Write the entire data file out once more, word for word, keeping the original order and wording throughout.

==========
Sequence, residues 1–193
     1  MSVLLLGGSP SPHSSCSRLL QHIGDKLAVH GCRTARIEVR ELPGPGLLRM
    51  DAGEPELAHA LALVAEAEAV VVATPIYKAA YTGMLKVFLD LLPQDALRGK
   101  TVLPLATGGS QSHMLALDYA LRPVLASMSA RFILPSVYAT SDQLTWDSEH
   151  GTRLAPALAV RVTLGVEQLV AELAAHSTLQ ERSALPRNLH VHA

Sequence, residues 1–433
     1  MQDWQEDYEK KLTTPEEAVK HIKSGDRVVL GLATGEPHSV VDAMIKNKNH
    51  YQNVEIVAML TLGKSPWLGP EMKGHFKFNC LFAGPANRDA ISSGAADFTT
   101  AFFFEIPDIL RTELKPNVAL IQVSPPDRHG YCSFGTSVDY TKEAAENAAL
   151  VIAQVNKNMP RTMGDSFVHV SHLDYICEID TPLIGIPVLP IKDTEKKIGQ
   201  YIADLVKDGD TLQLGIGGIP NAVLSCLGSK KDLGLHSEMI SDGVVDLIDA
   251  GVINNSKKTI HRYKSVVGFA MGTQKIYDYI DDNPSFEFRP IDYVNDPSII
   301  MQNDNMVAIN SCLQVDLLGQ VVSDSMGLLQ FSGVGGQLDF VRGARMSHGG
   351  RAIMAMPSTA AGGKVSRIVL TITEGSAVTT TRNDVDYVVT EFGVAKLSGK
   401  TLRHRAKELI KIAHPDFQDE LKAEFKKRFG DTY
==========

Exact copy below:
Sequence, residues 1–193
     1  MSVLLLGGSP SPHSSCSRLL QHIGDKLAVH GCRTARIEVR ELPGPGLLRM
    51  DAGEPELAHA LALVAEAEAV VVATPIYKAA YTGMLKVFLD LLPQDALRGK
   101  TVLPLATGGS QSHMLALDYA LRPVLASMSA RFILPSVYAT SDQLTWDSEH
   151  GTRLAPALAV RVTLGVEQLV AELAAHSTLQ ERSALPRNLH VHA

Sequence, residues 1–433
     1  MQDWQEDYEK KLTTPEEAVK HIKSGDRVVL GLATGEPHSV VDAMIKNKNH
    51  YQNVEIVAML TLGKSPWLGP EMKGHFKFNC LFAGPANRDA ISSGAADFTT
   101  AFFFEIPDIL RTELKPNVAL IQVSPPDRHG YCSFGTSVDY TKEAAENAAL
   151  VIAQVNKNMP RTMGDSFVHV SHLDYICEID TPLIGIPVLP IKDTEKKIGQ
   201  YIADLVKDGD TLQLGIGGIP NAVLSCLGSK KDLGLHSEMI SDGVVDLIDA
   251  GVINNSKKTI HRYKSVVGFA MGTQKIYDYI DDNPSFEFRP IDYVNDPSII
   301  MQNDNMVAIN SCLQVDLLGQ VVSDSMGLLQ FSGVGGQLDF VRGARMSHGG
   351  RAIMAMPSTA AGGKVSRIVL TITEGSAVTT TRNDVDYVVT EFGVAKLSGK
   401  TLRHRAKELI KIAHPDFQDE LKAEFKKRFG DTY